Just Economics has relaunched our Living Wage Certification program and reopened our application for Living Wage Certification! When we recalculated the Buncombe County 2021 Living Wage Rate at $17.30/ hour, we heard a lot of surprise from businesses and workers alike. To carefully consider how to move forward, Just Economics’ board and staff took the last couple of months to evaluate our certification program and make some changes to address combined needs of a workforce fighting to keep up with a high cost of living and the hardships for businesses presented by COVID-19, including an option for businesses to request an extended timeline to adjust to the new living wage rate.
Just Economics cares deeply about WNC’s small business community and we believe that it is exceptionally important for local businesses to survive this economic crisis and thrive to keep the vibrant local economy alive and to provide local jobs for local people, so why did we release such a high living wage rate?
- We did the math. Just Economics has been using the same method to calculate the living wage rate for the last 10 years, called the Universal Living Wage Formula. The formula is based on the cost of available housing using Federal Fair Market Rent (FMR) data. The cost of housing in Buncombe County, and therefore the cost of living, has risen rapidly over the past few years.
- Workers are having a hard time making ends meet. The Universal Living Wage Formula is based on the consideration that an individual is spending 30% of their income on living expenses and still making ends meet without needing public or private assistance. The living wage rate doesn’t factor in dependents (like children) or the ability to save money. At the end of the day, we believe that it’s important to be open and honest about how much each individual in our community needs to make in order to survive.
- The minimum wage hasn’t increased in 12 years. At this point, the Federal minimum wage is widely known to be insufficient. Full-time minimum wage workers cannot afford a two-bedroom rental anywhere in the U.S. and cannot afford a one-bedroom rental in 95% of U.S. counties, according to the National Low Income Housing Coalition’s annual “Out of Reach” report. We need a more just and equitable wage floor and that’s where living wages come in.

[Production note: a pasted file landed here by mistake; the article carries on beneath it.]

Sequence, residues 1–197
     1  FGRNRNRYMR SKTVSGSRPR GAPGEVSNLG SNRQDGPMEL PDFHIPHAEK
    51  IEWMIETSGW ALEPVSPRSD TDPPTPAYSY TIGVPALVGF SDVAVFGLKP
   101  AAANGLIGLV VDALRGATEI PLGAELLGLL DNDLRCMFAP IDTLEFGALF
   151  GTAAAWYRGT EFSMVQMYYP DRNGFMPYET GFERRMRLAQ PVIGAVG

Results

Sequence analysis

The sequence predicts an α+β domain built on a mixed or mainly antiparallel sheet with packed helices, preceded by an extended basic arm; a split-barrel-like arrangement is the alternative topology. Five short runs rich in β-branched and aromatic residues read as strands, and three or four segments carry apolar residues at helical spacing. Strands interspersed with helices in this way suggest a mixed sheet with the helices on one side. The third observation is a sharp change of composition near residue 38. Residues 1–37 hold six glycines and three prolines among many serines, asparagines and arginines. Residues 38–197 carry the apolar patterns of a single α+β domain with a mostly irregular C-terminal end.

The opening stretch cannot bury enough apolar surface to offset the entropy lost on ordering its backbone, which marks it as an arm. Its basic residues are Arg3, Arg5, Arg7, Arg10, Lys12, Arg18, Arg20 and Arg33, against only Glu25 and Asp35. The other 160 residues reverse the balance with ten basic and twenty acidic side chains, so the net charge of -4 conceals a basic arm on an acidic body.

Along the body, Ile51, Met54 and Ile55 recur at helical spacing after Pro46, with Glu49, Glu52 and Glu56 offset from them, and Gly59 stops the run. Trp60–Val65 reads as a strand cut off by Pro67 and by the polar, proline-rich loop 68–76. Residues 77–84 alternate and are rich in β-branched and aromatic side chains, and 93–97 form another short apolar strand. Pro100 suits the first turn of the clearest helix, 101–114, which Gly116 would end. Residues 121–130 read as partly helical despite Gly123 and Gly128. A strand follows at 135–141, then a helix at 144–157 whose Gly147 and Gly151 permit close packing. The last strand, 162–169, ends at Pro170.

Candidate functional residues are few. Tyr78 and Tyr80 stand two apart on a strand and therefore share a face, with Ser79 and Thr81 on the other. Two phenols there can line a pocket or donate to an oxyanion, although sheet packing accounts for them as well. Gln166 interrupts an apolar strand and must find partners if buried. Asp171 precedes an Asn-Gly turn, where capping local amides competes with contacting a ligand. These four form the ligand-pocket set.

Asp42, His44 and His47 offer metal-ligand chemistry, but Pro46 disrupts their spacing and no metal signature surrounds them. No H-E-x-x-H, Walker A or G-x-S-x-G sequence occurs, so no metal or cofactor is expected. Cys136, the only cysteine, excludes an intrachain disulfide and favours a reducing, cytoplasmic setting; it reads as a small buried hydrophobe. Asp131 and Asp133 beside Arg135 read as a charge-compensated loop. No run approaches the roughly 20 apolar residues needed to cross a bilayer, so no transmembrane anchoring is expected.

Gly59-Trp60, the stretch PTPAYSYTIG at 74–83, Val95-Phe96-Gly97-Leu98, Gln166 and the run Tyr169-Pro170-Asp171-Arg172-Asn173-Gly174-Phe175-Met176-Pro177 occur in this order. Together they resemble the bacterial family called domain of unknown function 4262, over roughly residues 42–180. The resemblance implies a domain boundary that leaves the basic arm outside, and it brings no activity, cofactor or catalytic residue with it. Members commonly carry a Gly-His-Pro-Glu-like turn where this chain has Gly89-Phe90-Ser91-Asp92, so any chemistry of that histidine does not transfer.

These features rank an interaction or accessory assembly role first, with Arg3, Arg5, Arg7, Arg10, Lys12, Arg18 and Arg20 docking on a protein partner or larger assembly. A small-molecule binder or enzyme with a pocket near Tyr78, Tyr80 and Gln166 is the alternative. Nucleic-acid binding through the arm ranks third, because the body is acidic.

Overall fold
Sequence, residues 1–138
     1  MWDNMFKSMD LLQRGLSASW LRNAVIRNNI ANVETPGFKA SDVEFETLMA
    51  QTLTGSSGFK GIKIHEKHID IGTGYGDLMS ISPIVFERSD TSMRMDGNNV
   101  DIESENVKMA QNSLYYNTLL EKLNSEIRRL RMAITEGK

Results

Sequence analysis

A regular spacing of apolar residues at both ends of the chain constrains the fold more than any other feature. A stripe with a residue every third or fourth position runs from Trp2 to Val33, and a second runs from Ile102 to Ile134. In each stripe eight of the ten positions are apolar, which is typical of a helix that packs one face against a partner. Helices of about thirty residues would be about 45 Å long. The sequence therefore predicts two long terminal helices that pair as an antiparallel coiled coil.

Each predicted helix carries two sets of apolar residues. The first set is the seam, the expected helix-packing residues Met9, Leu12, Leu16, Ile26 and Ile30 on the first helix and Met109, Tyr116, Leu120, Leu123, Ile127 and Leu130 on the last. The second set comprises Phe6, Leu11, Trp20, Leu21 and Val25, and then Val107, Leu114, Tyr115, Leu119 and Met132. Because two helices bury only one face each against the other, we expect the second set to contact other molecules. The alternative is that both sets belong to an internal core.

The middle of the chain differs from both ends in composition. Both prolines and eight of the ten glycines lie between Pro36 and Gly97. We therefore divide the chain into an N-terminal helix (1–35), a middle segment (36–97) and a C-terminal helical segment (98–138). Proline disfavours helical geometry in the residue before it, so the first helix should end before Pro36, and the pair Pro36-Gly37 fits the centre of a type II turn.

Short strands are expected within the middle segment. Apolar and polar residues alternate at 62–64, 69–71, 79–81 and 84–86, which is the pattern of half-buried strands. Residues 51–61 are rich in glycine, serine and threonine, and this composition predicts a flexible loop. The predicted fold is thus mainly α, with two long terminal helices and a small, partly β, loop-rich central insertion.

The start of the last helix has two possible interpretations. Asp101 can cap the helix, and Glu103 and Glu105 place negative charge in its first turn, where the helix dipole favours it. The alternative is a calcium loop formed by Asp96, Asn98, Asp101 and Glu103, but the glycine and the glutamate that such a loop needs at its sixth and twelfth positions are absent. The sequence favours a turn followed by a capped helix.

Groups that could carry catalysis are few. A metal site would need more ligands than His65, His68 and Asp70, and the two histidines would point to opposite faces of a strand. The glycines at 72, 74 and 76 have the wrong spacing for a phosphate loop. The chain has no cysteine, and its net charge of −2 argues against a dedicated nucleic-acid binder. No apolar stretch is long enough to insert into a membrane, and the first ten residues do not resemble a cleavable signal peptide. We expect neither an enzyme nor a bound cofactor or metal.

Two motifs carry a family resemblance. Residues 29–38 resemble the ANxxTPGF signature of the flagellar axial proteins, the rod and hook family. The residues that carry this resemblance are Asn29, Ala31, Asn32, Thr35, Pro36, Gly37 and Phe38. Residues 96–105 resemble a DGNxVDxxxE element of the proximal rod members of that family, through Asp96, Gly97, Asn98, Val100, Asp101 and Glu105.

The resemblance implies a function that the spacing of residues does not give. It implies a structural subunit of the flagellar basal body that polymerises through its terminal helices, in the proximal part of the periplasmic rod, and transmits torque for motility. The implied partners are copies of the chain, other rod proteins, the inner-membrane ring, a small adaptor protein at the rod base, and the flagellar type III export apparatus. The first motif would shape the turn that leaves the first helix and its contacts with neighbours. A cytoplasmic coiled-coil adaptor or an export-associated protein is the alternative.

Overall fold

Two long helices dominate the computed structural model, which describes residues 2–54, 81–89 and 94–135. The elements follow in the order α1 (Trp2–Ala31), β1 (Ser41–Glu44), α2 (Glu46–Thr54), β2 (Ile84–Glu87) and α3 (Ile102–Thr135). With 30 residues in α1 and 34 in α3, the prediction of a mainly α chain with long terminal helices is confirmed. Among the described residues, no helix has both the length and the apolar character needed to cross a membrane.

- It’s a goal to be working toward. Just Economics understands that some businesses are not going to be able to make the jump to $17.30/ hour right away, but it’s a goal. Without a more reasonable minimum wage in place, employers lack guidance on setting equitable wages. It is our hope that the living wage rate helps serve as a goal for local businesses to be working toward.
Over the course of this year, Just Economics will be operating our Living Wage Certification Program in much the same way as we were before the pandemic. One new change to our application includes an option for employers to request an extended timeline of up to 6 months to adjust to the new living wage rate. Our hope is that employers who need the extra time to make the adjustment will choose to request an extension and stay in the program, exhibiting their commitment to living wages and accountability.
Just Economics and our Certification Committee will be spending the next twelve months continuing to evaluate our internal policies and reassessing the method we use to calculate the living wage rate. We will be releasing a number of educational materials, workshops and listening sessions about wages, housing costs and how to take action on these issues. We welcome input from workers, employers and the public as we continue to adapt and reshape our program this year.
You can find the 2021 Buncombe County application here: bit.ly/2021LWC
Click here to learn more about Living Wage.